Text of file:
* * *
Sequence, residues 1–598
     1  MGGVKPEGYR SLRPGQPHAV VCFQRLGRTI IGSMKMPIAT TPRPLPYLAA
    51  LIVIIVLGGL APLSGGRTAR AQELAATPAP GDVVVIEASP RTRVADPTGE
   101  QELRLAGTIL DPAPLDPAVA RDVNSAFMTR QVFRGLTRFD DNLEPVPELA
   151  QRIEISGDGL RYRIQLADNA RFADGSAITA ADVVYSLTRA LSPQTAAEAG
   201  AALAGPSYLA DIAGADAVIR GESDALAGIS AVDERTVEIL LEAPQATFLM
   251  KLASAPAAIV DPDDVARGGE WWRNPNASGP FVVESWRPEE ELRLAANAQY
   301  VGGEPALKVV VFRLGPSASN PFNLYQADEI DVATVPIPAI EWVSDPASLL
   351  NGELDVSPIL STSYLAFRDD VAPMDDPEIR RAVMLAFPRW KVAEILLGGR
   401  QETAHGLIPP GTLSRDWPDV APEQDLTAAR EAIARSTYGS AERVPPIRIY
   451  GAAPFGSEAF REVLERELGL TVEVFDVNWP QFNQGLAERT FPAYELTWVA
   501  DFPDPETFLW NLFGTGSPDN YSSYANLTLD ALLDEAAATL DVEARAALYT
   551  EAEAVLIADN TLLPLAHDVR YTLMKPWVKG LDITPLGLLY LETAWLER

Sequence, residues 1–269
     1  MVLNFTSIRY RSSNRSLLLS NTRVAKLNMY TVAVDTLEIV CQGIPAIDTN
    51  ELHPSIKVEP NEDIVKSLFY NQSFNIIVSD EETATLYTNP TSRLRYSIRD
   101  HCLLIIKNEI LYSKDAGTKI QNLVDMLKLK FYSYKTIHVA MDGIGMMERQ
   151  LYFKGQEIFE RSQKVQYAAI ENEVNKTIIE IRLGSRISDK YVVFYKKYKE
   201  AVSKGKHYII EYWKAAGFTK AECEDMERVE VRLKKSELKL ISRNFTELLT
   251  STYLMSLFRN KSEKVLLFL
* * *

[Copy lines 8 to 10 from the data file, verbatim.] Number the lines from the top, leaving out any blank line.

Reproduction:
   301  VGGEPALKVV VFRLGPSASN PFNLYQADEI DVATVPIPAI EWVSDPASLL
   351  NGELDVSPIL STSYLAFRDD VAPMDDPEIR RAVMLAFPRW KVAEILLGGR
   401  QETAHGLIPP GTLSRDWPDV APEQDLTAAR EAIARSTYGS AERVPPIRIY